The dangers of prepend


#1

Hi,

As an FYI to anyone that uses the varnish cookbook >= 2.0.0, an update was
just released (2.2.1) that fixes a bug in the service resource and is
probably worth updating to sooner rather than later.

One of the libraries in the varnish cookbook used a prepend statement to
altered the behaviour of the Provider::Service::Init and
Provider::Service::Systemd classes, resulting in service resource
declarations attempting starts/restarts 5 times and failing silently.
Because it was in a loaded library simply including the cookbook in a
dependency chain would cause this.
This was a bug (it was only supposed to affect services of a certain name)
but I think it’s a pretty clear demonstration of the dangers of using
prepend on core Chef libraries.

Perhaps some sort of a warning should be issue if a prepend is used, as the
user may be signing up for something they aren’t aware of.


Yoshi Spendiff
Ops Engineer
Indochino
Mobile: +1 778 952 2025
Email: yoshi.spendiff@indochino.com


#2

Yeah you are monkey patching core chef resources. That is alway bad
practice, you aren’t adhering to the public APIs of those classes and we
can make no guarantees that we won’t break you in minor or patch
releases of core chef.

A slightly better approach would be subclassing, but in ruby there’s no
private methods which are inaccessible to the subclass, so its still
dependent upon you to only use the public APIs (and we don’t necessarily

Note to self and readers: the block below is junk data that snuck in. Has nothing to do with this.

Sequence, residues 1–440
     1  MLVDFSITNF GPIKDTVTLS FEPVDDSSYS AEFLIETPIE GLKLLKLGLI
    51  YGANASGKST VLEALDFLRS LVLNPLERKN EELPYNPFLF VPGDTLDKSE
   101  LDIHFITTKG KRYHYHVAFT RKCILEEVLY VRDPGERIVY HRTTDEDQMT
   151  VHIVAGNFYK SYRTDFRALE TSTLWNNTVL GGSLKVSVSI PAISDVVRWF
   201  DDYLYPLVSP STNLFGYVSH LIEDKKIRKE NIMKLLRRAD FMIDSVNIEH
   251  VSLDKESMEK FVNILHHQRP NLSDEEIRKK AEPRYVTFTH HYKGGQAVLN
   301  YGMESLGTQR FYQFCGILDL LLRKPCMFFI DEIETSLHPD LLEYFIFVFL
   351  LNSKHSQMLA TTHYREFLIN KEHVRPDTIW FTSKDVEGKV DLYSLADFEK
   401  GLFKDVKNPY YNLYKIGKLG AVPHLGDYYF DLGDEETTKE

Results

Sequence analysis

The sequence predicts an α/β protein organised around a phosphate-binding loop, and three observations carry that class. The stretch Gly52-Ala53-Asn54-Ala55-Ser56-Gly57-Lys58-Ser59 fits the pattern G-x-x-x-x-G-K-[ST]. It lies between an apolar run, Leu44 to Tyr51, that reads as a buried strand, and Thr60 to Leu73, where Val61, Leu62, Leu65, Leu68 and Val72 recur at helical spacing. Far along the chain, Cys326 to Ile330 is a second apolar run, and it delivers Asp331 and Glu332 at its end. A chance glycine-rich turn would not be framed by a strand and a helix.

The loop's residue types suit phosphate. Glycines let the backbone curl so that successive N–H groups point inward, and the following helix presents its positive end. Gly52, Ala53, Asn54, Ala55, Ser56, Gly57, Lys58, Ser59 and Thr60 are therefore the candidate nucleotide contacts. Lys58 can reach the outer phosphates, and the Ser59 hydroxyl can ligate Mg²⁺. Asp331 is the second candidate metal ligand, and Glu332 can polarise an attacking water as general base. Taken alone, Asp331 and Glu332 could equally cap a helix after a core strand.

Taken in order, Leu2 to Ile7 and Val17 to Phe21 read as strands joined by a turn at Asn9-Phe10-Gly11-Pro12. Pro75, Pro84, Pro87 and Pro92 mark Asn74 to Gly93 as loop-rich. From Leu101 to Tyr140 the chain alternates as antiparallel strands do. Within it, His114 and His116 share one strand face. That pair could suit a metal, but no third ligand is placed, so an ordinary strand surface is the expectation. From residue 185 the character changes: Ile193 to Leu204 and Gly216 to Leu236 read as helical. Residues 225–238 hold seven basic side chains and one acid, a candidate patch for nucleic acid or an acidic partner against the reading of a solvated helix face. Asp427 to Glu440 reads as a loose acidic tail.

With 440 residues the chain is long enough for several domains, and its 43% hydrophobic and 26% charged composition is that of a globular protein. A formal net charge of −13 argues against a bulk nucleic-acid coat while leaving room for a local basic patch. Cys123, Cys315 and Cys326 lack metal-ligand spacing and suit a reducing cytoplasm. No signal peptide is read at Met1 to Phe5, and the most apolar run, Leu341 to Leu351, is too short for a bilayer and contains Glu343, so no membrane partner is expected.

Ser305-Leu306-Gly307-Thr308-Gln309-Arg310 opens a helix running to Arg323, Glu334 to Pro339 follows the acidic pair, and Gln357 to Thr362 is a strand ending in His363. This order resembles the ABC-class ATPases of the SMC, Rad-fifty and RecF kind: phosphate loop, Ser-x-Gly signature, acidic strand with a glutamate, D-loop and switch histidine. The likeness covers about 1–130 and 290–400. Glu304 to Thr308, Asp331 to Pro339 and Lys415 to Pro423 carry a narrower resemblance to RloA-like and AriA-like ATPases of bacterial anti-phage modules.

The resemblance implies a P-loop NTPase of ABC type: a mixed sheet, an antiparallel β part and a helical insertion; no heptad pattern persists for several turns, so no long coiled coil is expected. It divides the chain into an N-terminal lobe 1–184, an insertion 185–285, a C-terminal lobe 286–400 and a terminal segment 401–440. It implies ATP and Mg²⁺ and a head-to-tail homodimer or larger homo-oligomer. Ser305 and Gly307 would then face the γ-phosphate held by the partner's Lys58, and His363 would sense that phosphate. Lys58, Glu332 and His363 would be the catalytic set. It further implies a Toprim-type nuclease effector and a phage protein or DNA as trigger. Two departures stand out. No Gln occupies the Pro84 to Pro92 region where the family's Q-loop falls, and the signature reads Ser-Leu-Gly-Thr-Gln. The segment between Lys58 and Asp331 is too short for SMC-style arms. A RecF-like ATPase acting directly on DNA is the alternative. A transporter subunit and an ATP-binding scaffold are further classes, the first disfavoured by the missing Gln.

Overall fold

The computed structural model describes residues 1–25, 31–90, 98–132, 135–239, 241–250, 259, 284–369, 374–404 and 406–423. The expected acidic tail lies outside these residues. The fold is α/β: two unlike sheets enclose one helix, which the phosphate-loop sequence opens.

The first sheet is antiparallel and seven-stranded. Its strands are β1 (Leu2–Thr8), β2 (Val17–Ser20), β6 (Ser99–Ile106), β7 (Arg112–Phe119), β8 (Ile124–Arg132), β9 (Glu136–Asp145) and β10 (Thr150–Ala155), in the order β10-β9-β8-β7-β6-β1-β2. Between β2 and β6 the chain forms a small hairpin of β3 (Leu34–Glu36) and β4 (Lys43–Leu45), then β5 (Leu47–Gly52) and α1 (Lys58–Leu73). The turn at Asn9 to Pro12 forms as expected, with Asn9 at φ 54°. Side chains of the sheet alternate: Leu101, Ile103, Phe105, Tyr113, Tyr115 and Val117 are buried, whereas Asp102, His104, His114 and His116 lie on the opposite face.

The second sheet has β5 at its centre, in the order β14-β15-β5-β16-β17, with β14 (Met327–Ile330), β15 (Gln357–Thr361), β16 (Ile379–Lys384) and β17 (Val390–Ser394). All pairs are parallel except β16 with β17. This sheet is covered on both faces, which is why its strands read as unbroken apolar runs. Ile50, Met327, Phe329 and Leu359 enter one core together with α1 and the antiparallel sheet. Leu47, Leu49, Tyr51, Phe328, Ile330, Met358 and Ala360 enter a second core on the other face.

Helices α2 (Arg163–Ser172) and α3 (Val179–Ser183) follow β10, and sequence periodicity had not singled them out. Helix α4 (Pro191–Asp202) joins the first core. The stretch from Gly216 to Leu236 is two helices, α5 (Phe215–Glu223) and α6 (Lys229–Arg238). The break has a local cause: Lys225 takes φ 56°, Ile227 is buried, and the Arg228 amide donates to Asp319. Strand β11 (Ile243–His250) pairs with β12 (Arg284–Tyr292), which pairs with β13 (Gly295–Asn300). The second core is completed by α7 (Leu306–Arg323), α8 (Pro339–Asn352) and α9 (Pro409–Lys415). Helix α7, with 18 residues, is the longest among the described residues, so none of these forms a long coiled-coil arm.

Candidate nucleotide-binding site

do the best job, or sometimes any job, of documenting the public APIs
correctly and expect you to be able to read the code and infer what the
public APIs are). A better solution is to use composition and use the
resources as they were intended. There’s retry logic around the core
resource class which you could be using instead of monkeypatching the
action in the resource. If that doesn’t get you what you need, you
should really submit a PR to add a feature so that you have a public API
to use.

In general cookbook code should never, ever under any circumstances open
up core chef classes and hack them (although a few use cases like
including modules into Chef::Recipe are supported idioms, but if its not
one of those idioms it is probably bad). It is also likely that
subclassing core chef providers is the wrong approach as well (that can
be used, but I’d say it requires expert level understanding of the
inheritance-vs-composition tradeoff).

On 08/25/2015 11:11 AM, Yoshi Spendiff wrote:

Hi,

As an FYI to anyone that uses the varnish cookbook >= 2.0.0, an update
was just released (2.2.1) that fixes a bug in the service resource and
is probably worth updating to sooner rather than later.

One of the libraries in the varnish cookbook used a prepend statement
to altered the behaviour of the Provider::Service::Init and
Provider::Service::Systemd classes, resulting in service resource
declarations attempting starts/restarts 5 times and failing silently.
Because it was in a loaded library simply including the cookbook in a
dependency chain would cause this.
This was a bug (it was only supposed to affect services of a certain
name) but I think it’s a pretty clear demonstration of the dangers of
using prepend on core Chef libraries.

Perhaps some sort of a warning should be issue if a prepend is used,
as the user may be signing up for something they aren’t aware of.


Yoshi Spendiff
Ops Engineer
Indochino
Mobile: +1 778 952 2025
Email: yoshi.spendiff@indochino.com mailto:yoshi.spendiff@indochino.com